|Dương Anh Sơn|
Professor Dr Dương Anh Sơn from the HCM City University of Economics and Law speaks to the newspaper Tuổi Trẻ (Youth) about some key aspects of work to turn the City into a smart city
Though authorities in HCM City have tried hard to clear the street vendors from the sidewalks, the situation doesn’t seem to have changed. Do you have any response to the problem?
In my opinion, if the authorities are determined to solve the problem they can do it. Yet, the question here is what type of management strategy should be used. I think financial penalties are important.
In my opinion, the authorities should make people using the public pavement or the street side pay fees.
Streets with wide side-walks can be used for car parking. Of course, the car parking fee must be higher than the normal fee. For narrow streets, we should not allow car parking.
As we all know, in HCM City, many streets are very narrow, particularly those in precincts 1 and 3. At the morning rush hour, two sides of the roads are occupied by cars, making it difficult for motorbike riders and cyclists to travel on the roads. This is a hot problem that urgently needs to be addressed.
In my opinion, people who use the pavements as their parking should also pay a certain fee to the local government. This is a common rule and no one is above the law. The pavements are public assets, so why should certain groups be given the chance to use them free? This is a problem we need to solve as soon as possible. Frankly speaking, if we can’t solve the problem of constant traffic congestion, HCM City’s plan to become a smart city will remain just a dream.
Don’t you think that imposing road fees alone can’t solve the problem of traffic congestion?
Of course, road fees are only one solution. But, in my opinion, right now it is a fair solution for all. If car owners want to use the road they have to pay high parking tickets. If not, they can use public means of transport, including buses, taxis, Uber or Grab. And in a near future, when the metro line is completed or high elevated roads are available, I think they will help to solve the problem of road congestion.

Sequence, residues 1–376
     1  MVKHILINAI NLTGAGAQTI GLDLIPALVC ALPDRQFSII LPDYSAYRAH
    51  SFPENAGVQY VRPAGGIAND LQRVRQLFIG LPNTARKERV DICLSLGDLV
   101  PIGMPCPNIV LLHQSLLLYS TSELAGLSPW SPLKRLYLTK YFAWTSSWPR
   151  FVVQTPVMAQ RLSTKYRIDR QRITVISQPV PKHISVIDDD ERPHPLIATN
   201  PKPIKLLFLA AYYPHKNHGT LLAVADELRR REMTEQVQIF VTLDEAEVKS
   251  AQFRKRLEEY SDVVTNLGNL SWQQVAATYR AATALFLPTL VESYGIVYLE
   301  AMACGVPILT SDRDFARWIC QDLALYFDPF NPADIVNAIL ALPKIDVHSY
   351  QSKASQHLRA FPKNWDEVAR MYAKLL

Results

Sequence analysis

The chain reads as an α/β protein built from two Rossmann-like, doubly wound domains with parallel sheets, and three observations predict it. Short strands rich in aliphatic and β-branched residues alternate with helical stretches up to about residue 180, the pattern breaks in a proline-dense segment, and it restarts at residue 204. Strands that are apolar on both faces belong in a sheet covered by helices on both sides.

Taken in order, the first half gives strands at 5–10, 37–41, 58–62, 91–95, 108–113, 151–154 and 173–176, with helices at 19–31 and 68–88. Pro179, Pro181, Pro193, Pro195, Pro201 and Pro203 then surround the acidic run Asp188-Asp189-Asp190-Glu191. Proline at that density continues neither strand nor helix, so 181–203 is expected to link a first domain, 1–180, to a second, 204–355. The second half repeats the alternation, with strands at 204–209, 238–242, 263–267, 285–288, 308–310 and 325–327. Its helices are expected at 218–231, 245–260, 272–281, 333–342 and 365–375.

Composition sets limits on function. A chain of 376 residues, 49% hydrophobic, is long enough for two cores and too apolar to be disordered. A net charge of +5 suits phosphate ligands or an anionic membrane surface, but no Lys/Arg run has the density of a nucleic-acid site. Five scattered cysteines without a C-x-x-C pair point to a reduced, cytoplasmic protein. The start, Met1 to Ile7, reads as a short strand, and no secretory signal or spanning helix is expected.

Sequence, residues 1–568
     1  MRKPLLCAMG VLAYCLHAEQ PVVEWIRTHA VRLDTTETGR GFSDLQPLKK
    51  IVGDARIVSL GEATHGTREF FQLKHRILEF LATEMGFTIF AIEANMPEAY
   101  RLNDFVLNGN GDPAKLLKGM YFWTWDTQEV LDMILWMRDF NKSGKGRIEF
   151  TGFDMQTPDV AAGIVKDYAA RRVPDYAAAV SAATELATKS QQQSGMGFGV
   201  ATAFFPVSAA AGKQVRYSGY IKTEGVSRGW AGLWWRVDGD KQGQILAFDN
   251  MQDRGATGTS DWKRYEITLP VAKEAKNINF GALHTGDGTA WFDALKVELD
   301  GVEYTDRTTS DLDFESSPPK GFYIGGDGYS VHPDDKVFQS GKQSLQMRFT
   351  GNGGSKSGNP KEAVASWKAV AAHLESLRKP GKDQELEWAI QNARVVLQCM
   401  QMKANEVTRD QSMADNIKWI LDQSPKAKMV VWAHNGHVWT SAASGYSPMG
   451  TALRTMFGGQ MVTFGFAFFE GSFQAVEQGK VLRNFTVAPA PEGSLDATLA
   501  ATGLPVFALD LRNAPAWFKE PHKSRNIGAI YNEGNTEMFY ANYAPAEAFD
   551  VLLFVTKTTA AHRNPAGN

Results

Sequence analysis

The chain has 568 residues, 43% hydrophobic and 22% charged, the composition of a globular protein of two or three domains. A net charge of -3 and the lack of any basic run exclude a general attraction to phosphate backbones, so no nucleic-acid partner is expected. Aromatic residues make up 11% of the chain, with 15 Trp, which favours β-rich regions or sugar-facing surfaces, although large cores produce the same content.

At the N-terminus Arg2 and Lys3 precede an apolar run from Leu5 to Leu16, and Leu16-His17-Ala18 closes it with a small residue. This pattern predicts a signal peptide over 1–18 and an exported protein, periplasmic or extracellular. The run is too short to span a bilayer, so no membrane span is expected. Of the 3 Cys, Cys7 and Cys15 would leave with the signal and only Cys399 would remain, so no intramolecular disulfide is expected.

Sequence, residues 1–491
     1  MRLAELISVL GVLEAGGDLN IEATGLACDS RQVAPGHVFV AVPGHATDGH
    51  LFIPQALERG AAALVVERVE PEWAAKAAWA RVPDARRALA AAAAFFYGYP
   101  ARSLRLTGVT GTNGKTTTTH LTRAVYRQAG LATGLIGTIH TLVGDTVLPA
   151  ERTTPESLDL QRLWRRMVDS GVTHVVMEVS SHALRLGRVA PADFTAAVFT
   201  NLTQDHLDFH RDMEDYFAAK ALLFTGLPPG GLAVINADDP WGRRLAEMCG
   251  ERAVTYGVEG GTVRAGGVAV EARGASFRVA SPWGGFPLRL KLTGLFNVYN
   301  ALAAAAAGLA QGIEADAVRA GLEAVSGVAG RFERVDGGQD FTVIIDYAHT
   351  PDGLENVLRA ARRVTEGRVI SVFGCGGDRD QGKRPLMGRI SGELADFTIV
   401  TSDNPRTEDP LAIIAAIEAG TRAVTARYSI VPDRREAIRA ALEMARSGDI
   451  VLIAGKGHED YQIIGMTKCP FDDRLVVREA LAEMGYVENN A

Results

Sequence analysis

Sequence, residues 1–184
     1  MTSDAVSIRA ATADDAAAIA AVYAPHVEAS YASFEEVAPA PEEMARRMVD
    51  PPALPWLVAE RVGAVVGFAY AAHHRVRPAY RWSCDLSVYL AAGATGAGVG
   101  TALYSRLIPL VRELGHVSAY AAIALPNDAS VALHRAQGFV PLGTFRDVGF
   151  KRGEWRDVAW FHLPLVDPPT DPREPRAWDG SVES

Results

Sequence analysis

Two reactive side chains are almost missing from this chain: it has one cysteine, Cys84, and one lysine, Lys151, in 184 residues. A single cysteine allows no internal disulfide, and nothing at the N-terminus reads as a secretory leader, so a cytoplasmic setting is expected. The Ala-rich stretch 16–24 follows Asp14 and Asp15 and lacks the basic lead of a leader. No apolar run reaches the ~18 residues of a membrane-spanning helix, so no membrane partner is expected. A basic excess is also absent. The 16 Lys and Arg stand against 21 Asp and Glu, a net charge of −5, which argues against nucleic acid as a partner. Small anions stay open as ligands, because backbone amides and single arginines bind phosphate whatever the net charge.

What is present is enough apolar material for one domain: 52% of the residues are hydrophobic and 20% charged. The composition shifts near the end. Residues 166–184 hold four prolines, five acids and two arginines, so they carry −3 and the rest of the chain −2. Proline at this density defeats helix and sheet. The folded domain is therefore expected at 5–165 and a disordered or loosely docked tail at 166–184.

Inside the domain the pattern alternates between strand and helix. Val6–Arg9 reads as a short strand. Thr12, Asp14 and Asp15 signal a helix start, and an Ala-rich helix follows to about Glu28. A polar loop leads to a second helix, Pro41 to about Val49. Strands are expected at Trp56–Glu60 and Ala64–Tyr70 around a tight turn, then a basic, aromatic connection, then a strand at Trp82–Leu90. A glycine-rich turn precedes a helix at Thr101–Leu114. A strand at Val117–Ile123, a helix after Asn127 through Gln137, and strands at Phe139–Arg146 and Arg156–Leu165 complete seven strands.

I hope that when our city becomes a smart city, road congestion will become things of the past.
What do you think of the proposal to stop the construction of high rises in the city? Will it become an effective tool in curbing traffic congestion in the inner city?
In my opinion, a definition of the desired population density as well as the tall building density should be set right in the planning stage. For the time being, I think that the authorities should stop granting licences for the construction of new tall buildings inside the inner city districts. However, it is very irrational that the city authorities have banned the construction of new schools and hospitals in the inner city, but many tall residential buildings have popped up in the city as mushrooms. In other words, owners of many golden pieces of land have received permits to build tall residential quarters. This is a factor undermining the city’s infrastructure. It is time for HCM City to uphold its principle of transparency and accountability in the housing construction law.
The most important element in developing policy for a smart city is that “the haves should help the have nots”. I don’t mean that we take money from the rich to give to the poor, but rather adopt tools such as taxes or extra charges for the affluent. In other words, rich people have to pay more taxes or charges for the services they use.
It is compulsory that all projects during their development include attention to the elements of social welfare and public services. — VNS